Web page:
Newbie study of bagof

Hi, as the Prolog newbie I am, I stumbled in some tutorial (I don’t remember which one) with the following little knowledge base:


After some simple exercises with setof/3 and bagof/3, I tried to construct a goal whose answer would be a list containing sublists, each of which would include a non-duplicated age, and a list of characters with that age. Something that would look exactly as:


My best approximation, at this moment is:

setof([A,[Ch]], setof(A, age(Ch,A), B), All).
B = [13],
All = [[_1002486, [ron]], [_1002526, [hermione]], [_1002566, [harry]]] ;
B = [14],
All = [[_1002686, [draco]]] ;
B = [30],
All = [[_1002606, [hagrid]]] ;
B = [60],
All = [[_1002646, [dumbledore]]].

Or this one which is not very helpfull:

group_by(Age, AllAges, edad(Ch,Age), All).          
Age = 13,
All = [_1008502, _1008470, _1008454] ;
Age = 14,
All = [_1008486] ;
Age = 30,
All = [_1008422] ;
Age = 60,
All = [_1008438].

Can anyone point me to a way to obtain the desired result?
Thanks in advance.

$ cat

t(AgePeople) :-
          setof(Person, age(Person, Age), People),

$ swipl
?- t(AgePeople).
AgePeople = [13-[harry, hermione, ron], 14-[draco], 30-[hagrid], 60-[dumbledore]].

I used pairs with “-” because that allows using the result with the library(pairs) predicates.

In the inner setof/3 (setof(Person, age(Person, Age), People)), Age is “free” in the goal age(Person,Age). This allows backtracking over all the possible values of Age in the outer setof/3.

If you have trouble with this, try an alternative way of writing:

t2(AgePeople) :- setof(Age-People, age_people(Age, People), AgePeople).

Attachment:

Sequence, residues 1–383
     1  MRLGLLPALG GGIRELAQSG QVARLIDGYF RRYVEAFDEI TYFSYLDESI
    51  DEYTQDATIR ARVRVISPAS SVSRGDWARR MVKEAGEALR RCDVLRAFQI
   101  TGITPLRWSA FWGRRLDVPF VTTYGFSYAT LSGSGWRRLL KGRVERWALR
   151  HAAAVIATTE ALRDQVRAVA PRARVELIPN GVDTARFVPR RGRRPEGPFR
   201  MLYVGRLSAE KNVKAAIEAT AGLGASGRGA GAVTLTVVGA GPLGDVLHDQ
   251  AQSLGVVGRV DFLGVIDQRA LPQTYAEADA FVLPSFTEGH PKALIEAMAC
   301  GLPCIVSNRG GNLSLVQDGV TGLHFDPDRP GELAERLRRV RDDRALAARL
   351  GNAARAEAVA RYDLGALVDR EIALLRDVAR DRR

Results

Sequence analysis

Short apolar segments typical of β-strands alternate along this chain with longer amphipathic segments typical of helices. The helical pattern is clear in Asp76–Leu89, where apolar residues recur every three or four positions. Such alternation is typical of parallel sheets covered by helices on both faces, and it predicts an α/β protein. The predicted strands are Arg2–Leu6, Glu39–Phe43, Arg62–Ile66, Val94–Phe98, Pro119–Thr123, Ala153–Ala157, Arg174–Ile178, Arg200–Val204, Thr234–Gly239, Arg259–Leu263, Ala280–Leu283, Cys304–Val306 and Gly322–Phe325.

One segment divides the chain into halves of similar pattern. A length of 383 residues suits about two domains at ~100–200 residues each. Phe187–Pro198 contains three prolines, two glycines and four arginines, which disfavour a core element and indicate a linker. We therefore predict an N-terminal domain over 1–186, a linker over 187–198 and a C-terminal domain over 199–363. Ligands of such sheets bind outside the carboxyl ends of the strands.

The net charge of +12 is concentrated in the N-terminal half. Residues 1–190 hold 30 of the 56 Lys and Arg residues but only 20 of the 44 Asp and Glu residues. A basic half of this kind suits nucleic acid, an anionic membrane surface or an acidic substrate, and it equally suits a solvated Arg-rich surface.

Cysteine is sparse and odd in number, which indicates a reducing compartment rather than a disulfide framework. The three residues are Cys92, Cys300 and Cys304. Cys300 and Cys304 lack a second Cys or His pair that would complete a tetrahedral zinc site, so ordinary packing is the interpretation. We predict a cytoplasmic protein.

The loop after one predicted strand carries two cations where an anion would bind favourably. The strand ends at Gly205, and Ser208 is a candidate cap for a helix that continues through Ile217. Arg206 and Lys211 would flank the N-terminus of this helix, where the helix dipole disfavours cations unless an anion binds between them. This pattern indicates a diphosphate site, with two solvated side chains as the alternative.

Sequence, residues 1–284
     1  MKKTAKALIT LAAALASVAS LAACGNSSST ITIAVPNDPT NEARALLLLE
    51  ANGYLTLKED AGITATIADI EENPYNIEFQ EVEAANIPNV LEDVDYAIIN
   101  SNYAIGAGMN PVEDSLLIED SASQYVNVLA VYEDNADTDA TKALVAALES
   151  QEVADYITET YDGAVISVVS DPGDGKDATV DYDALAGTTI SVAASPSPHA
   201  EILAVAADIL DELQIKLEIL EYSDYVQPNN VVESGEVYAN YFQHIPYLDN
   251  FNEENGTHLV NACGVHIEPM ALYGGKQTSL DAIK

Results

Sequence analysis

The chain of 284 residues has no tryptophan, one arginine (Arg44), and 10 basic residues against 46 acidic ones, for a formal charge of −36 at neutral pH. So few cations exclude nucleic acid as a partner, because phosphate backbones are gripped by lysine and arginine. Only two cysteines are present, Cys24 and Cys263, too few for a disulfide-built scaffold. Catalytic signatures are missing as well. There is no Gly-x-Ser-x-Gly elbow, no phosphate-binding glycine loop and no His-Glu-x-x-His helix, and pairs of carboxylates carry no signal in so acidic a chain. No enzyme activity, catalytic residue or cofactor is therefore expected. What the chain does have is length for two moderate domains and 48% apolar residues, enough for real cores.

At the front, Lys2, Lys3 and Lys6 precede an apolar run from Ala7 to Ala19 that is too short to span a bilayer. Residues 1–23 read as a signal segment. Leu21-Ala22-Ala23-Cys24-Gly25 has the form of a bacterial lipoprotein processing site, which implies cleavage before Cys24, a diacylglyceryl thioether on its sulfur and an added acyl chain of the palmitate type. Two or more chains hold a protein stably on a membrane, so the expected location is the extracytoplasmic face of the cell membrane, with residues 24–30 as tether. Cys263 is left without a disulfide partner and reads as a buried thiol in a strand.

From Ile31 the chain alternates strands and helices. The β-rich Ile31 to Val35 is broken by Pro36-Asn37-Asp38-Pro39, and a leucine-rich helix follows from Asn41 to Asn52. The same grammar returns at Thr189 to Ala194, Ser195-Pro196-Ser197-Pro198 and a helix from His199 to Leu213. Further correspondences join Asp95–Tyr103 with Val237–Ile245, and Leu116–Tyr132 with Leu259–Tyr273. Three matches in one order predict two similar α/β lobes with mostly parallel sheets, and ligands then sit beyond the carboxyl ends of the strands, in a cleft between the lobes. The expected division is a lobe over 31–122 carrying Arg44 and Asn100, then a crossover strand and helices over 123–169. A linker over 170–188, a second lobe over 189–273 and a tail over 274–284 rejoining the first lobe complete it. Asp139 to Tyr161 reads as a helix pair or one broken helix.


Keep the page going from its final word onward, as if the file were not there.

age_people(Age, People) :- setof(Person, age(Person, Age), People).
?- age_people(Age, People).
Age = 13,
People = [harry, hermione, ron] ;
Age = 14,
People = [draco] ;
Age = 30,
People = [hagrid] ;
Age = 60,
People = [dumbledore].
1 Like

I would do the same way as Peter, but just to point out group_pairs_by_key/2…

?- setof(A-Ch,age(Ch,A),L),group_pairs_by_key(L,All).
L = [13-harry, 13-hermione, 13-ron, 14-draco, 30-hagrid, 60-dumbledore],
All = [13-[harry, hermione, ron], 14-[draco], 30-[hagrid], 60-[dumbledore]].

Excelent, I had not thought about using pairs…

Thank you very much peter.ludemann and Capellic.

It’s also instructive to define

age(Age) :- age(_, Age).

and then look at the different results you get for

?- setof(Age, age(Age), Ages).
?- bagof(Age, age(Age), Ages).

and to also look at what happens to the results when you change setof to bagof everywhere.

That last suggestion by peter.ludemann was indeed very instructive…
At first, I didn’t understand the point of the first rule definition. But then, I tested ignoring that rule and embedding the anonymous variable into the setof expression, then I learned something new…
Without the first rule, we get:

?- setof(Age, age(_, Age), Ages).
Ages = [14] ;
Ages = [60] ;
Ages = [30] ;
Ages = [13] ;
Ages = [13] ;
Ages = [13].

But when the first rule is used, we get only one result list…

?- bagof(Age, age(Age), Ages).
Ages = [13, 14, 13, 13, 60, 30].

?- setof(Age, age(Age), Ages).
Ages = [13, 14, 30, 60].

I really appreciate that comment, thank you very much!

An anonymous variable in a setof/3 call doesn’t do what you expect. You need to mark it as “exists”, e.g.:

?- setof(Age, Person^age(Person, Age), Ages).

This can get quite confusing, which is why I prefer to use an auxiliary predicate.

For extra head-scratching, consider the queries

?- age(Age), bagof(Age-People, age_people(Age, People), AgePeople).
?- distinct(age(Age)), bagof(Age-People, age_people(Age, People), AgePeople).
1 Like

Oh, I see…
Seems that the correct goal expression should correspond to:

" ForAll(Age), find the solutions to Exists(Person) such that age(Person,Age), and collect them into AgePeople"

And of course, that is not the same effect as just using an anonymous variable…

Very instructive, I appreciate it and will study harder…
I will test your head-scratching goals and comment on them…
Thanks again…